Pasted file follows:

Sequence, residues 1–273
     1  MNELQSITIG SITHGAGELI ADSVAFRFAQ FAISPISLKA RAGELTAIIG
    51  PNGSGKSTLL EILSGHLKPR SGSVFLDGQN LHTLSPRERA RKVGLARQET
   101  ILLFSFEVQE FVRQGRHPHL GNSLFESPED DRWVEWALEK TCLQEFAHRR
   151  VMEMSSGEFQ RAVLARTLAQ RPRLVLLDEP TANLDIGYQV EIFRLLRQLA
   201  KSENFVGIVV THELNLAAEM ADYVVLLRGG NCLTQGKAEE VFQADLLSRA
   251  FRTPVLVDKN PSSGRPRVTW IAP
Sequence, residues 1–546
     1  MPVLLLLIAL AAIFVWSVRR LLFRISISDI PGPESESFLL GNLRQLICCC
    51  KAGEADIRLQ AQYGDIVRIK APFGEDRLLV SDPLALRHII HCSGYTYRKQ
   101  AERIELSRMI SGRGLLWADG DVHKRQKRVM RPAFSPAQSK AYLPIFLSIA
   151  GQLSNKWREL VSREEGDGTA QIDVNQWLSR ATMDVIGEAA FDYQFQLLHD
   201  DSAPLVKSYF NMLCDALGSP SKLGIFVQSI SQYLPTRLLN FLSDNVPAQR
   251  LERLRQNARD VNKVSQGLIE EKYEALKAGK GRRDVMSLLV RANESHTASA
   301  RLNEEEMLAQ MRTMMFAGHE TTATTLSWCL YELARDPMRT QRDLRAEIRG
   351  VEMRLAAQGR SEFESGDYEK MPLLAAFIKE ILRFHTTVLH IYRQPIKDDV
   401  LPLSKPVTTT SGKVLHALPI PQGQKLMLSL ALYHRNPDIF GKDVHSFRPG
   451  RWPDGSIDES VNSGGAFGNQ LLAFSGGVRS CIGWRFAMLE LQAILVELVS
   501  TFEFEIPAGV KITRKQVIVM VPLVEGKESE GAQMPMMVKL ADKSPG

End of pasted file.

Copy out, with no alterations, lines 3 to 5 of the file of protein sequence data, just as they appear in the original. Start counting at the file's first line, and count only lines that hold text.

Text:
    51  PNGSGKSTLL EILSGHLKPR SGSVFLDGQN LHTLSPRERA RKVGLARQET
   101  ILLFSFEVQE FVRQGRHPHL GNSLFESPED DRWVEWALEK TCLQEFAHRR
   151  VMEMSSGEFQ RAVLARTLAQ RPRLVLLDEP TANLDIGYQV EIFRLLRQLA